THE SUPREME COURT’S INFLUENCE ON THE DEATH PENALTY
IN AMERICA: A HOLLOW HOPE?
For some time now, there has been a healthy debate as to what power the
Supreme Court has to influence social change. Part of the problem in formulating
the debate is definitional: what does the term social change mean? Another part of
the problem is measurement: how does one measure social change? That a court
can potentially be part of the process that effectuates change is assumed, though,
and the question thus becomes in what context or under which conditions can it
bring it about?
Case studies have shown that, for example, some of the Supreme Court’s most
lauded decisions in the area of social reform accomplished much less than
originally thought. Brown v. Board of Education presents a good example.1 In The
Hollow Hope, Gerald Rosenberg makes a convincing argument that the Brown case
was not the impetus behind the civil rights gains of the 60’s and beyond, despite
popular belief.2 Instead, according to Rosenberg, the biggest influences on
desegregation were likely the Civil Rights Act of 1964, along with other non-
judicial events such as the Montgomery bus boycott. From this, Rosenberg distills a
theory that the Court is usually constrained from effecting change on its own and
can only do so when certain conditions are in place.3 He makes a similar argument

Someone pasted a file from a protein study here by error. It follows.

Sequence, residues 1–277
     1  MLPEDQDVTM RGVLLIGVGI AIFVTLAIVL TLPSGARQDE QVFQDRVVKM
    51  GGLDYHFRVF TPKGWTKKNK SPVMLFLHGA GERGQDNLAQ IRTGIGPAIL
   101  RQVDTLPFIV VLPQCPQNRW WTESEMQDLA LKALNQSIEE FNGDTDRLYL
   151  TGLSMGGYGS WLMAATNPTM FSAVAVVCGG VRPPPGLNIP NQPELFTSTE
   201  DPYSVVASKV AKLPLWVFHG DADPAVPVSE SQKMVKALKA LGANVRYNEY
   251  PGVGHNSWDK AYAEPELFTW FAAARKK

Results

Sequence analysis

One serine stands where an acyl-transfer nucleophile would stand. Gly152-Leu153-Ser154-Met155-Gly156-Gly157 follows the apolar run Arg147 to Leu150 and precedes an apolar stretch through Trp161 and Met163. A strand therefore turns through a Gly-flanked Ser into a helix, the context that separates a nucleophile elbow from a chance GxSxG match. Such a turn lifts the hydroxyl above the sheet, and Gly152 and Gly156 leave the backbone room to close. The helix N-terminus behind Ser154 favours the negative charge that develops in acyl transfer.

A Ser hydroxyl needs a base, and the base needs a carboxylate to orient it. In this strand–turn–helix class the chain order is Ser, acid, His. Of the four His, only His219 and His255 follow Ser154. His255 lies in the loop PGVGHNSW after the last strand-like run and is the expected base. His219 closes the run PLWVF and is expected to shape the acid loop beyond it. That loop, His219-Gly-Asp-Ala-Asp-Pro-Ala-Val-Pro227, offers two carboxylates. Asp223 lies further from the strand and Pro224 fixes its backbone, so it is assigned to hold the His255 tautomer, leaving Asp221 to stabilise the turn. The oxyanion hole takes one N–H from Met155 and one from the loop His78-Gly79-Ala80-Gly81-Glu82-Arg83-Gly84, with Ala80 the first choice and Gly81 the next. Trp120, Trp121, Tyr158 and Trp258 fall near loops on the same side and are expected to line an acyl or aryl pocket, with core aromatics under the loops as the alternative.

with regards to abortion and other social causes.4
Rosenberg’s work is not short of critics.5 One aspect of criticism is directed at
the idea that Rosenberg’s analysis is too broad. For example, some scholars note
B.A. 1998, University of Michigan; J.D. 2001, Boston University; L.L.M. 2004,
University at Buffalo. The author practices criminal law in Boston, Massachusetts at the
firm of Swomley & Associates. I am most grateful to Professor Lynn Mather of the
University at Buffalo who gave me valuable criticism, suggestions, and encouragement and
whose class on Courts and Social Change truly inspired this article.
347 U.S. 483 (1954).
GERALD ROSENBERG, THE HOLLOW HOPE: CAN COURTS BRING ABOUT SOCIAL CHANGE,
Id. at 9-35.
Id. at 173-265, 269-335.
See e.g., Peter Schuck, Book Review, 102 YALE L.J. 1763 (1993); Neil Devins, Judicial
Matters, 80 CAL. L. REV. 1027 (1992); Michael W. McCann, Reform Litigation on Trial, 17
L. & SOC. INQUIRY 715 (1992).
252 PUBLIC INTEREST LAW JOURNAL [Vol. 14
that while Brown accepted and promoted the idea that separate schools cannot be
equal, it did not intend to force desegregation.6 Rather, as Michael McCann
phrases it, the Court chose “to make implementation voluntary.”7 Rosenberg,
however, was attempting to respond to the public’s perception of Brown. That is,
whatever the Court intended to accomplish through Brown, and whatever Brown’s
relation directly or indirectly to school desegregation, most people, in hindsight,
view Brown as, “‘a revolutionary statement of race relations law’ through which
the Supreme Court ‘blazed the trail’ of civil rights.”8 Rosenberg’s analysis, then,
makes sense because he was testing whether the public was right to elevate Brown
in such a manner and not necessarily whether the Supreme Court accomplished
what they intended to accomplish.
This article analyzes whether parts of this theory hold true in regard to the
Supreme Court’s impact on the death penalty. In some ways, the death penalty
suffers from the same misguided perception about its fate in the Supreme Court as
did Brown and civil rights. Often, when the Court issues a broad decision which